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‘$5,000 to Save a Life Is a Bargain’

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‘$5,000 to Save a Life Is a Bargain’

The organizations we recommend offer the best value for money. That often means saving the lives of children under the age of five, who would otherwise die from preventable diseases.

And look, what motivated me to do this work is thinking about the people I’m closest to. When my kids need antibiotics, I go around the corner to CVS. Literally every time I do that I think about how unfair it is that not everyone can do that.

Okay, but the people who consult GiveWell’s research are not the needy. They are donors, many of whom are extremely wealthy. What to do donors are you turning to GiveWell?

They turn to us for trust. They need the confidence that their money is making a difference. Many of our donors report this feeling: There are so many things I could do out there. How can I ever determine who is reliable at making an impact?

Sometimes donors expect to save a life for much less than $5,000 and are surprised when they encounter our estimate. But most share my belief that $5,000 to save a life is a bargain. We strive to be fully transparent about what goes into our cost-effectiveness estimates, including counterarguments, caveats, assumptions, best estimates and moral judgments. This transparency gives them the confidence to give more.

It is true that in the US we focus so intensely on quality of life that we may not realize that we have a life at all, that relatively few of our children die as infants. But won’t some people who are saved by malaria nets, for example, lead a very difficult life?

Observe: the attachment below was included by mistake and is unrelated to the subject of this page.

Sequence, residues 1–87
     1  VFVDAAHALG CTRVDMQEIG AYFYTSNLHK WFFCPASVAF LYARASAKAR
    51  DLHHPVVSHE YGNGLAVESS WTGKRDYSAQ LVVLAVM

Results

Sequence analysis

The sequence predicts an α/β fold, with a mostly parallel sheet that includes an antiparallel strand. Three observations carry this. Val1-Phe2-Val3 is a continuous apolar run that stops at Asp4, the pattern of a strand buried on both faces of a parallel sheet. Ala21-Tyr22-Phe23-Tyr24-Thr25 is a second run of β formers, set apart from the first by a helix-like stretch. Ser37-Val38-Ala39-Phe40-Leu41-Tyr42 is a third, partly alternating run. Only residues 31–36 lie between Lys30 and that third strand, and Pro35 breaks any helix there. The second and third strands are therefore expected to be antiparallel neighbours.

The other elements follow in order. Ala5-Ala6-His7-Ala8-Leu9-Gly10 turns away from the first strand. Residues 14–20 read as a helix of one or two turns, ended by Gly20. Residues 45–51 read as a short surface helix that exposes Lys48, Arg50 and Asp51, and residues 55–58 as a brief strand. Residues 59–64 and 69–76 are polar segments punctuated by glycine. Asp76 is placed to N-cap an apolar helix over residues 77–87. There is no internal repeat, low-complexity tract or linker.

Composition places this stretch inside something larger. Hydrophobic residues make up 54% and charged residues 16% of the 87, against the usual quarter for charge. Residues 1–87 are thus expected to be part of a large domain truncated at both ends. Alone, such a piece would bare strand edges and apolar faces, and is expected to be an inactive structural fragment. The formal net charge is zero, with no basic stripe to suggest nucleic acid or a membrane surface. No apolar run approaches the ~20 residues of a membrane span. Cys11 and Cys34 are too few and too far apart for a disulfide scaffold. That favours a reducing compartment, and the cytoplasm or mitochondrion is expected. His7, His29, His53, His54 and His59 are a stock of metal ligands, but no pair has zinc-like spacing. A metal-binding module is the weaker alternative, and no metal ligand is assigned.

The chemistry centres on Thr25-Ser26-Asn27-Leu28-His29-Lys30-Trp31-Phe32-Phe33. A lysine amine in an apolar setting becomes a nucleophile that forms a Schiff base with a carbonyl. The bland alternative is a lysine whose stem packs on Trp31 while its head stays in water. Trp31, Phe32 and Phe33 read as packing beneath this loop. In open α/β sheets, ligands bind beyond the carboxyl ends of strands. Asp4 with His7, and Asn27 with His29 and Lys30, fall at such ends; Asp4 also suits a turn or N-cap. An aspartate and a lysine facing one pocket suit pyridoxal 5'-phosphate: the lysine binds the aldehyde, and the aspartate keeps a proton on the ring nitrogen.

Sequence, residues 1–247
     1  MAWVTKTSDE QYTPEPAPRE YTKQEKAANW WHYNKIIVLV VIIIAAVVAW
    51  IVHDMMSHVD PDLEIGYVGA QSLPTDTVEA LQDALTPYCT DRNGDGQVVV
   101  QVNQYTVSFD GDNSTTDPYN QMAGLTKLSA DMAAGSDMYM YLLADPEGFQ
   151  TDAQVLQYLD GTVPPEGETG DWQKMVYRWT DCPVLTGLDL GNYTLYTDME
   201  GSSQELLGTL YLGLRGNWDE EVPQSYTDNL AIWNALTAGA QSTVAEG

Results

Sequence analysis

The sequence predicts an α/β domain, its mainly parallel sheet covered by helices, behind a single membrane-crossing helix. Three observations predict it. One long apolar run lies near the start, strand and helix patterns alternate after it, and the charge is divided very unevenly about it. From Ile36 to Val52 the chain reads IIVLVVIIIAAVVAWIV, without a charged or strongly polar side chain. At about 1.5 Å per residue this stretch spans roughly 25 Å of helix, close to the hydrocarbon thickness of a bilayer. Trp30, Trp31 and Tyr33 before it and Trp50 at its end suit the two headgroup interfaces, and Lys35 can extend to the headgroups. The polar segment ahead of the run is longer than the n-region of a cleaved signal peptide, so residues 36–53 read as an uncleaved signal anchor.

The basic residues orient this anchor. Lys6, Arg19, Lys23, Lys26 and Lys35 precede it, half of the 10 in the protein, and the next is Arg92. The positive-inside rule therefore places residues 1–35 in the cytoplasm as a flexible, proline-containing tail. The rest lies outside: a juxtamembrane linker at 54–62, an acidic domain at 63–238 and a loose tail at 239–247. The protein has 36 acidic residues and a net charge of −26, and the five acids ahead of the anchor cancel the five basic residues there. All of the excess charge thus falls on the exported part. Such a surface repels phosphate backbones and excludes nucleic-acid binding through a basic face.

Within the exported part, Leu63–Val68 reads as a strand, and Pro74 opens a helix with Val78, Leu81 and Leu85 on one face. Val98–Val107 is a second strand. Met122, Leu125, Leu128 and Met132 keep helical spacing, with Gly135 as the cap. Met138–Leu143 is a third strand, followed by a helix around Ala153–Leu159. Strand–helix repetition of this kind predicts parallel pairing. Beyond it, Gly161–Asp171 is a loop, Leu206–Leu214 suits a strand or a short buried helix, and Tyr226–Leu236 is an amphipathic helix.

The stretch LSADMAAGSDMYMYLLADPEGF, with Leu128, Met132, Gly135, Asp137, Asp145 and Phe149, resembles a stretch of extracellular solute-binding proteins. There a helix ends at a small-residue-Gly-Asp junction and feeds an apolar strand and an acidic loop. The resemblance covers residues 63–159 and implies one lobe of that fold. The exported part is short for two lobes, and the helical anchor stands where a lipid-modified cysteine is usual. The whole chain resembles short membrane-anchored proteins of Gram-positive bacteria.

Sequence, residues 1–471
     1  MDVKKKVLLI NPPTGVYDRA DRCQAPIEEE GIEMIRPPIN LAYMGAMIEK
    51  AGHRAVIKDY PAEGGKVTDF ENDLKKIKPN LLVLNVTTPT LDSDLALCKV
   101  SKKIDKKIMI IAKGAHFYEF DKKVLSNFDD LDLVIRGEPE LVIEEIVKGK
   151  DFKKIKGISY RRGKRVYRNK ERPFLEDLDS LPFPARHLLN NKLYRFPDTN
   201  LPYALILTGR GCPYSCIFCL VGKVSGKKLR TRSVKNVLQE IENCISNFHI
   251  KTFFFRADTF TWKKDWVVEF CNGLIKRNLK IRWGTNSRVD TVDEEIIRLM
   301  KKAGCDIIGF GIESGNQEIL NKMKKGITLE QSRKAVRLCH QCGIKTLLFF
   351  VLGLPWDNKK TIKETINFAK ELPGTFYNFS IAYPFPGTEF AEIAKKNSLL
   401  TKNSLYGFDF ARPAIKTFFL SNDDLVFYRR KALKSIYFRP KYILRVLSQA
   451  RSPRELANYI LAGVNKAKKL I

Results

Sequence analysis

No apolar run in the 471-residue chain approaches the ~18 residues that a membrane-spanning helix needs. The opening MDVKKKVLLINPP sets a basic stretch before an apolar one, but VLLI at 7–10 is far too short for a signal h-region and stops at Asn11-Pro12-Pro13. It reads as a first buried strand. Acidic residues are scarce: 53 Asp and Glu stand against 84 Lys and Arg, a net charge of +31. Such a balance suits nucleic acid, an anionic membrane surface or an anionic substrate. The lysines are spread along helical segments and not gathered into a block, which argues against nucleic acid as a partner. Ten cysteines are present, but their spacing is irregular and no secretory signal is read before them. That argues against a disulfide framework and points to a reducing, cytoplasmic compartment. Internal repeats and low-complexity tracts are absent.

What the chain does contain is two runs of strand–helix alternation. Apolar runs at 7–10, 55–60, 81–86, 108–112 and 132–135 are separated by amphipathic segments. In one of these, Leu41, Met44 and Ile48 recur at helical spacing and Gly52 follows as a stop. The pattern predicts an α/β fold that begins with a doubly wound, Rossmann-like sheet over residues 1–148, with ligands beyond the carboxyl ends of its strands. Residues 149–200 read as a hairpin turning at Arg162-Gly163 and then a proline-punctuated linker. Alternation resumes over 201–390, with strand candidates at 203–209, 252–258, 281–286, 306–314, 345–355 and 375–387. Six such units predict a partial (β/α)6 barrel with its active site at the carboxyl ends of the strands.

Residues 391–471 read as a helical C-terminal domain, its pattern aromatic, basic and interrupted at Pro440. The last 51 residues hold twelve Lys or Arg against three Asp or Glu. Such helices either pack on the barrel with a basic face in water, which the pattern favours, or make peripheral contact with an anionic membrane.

This is the sad reality of things, where we don’t even think about how lucky we are. And if you turn the question you asked around, it may seem like you’re actually asking whether someone can be very wealthy, have good physical health, and still be unhappy. Obviously that can be you.

Why have so many EAs shifted their focus from preventing disease to creating scenarios from the Book of Revelation involving AI?

Many EAs continue to work on global health. But the rapid advances in powerful AI systems should raise real concerns for everyone. Myself included.

When I got interested in EA’s philosophy, there were some crazy things.

You mean those scary questions like, “Would you let your mother die to save 100 strangers?”

Precisely. But I think there are enough challenges in the world that everyone should focus on the area where they think they can have the biggest impact. I’m glad there are a lot of great minds focused on AI and the broader questions in EA. Personally, I can do something to help those who are currently suffering.

So you founded the nonprofit GiveWell after working at Bridgewater, a for-profit (see notes) investment fund, yes?

Yes. And early on, there were a lot of stories about Holden and me, how hedge fund veterans turned to philanthropy. But we were only 26 and we had only been with the fund for a few years. Soon, Holden and I were talking to friends about how we could give away money.

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